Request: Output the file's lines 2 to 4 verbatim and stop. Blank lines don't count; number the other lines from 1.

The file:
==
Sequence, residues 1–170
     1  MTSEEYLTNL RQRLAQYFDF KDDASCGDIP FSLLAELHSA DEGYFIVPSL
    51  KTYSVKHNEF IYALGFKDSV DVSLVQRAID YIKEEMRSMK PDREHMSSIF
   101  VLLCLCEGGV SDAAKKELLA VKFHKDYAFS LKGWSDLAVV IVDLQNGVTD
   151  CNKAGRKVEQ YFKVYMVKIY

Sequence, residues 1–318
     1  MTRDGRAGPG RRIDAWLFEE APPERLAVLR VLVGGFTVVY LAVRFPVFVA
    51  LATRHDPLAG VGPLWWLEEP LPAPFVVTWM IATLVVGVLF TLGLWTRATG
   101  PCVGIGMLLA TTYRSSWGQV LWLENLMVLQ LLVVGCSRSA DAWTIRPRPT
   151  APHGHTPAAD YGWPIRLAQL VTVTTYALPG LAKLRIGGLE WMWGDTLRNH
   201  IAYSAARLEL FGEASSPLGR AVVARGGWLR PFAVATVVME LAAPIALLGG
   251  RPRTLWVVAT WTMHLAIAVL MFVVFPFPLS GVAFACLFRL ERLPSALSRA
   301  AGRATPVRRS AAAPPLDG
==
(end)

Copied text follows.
     1  MTSEEYLTNL RQRLAQYFDF KDDASCGDIP FSLLAELHSA DEGYFIVPSL
    51  KTYSVKHNEF IYALGFKDSV DVSLVQRAID YIKEEMRSMK PDREHMSSIF
   101  VLLCLCEGGV SDAAKKELLA VKFHKDYAFS LKGWSDLAVV IVDLQNGVTD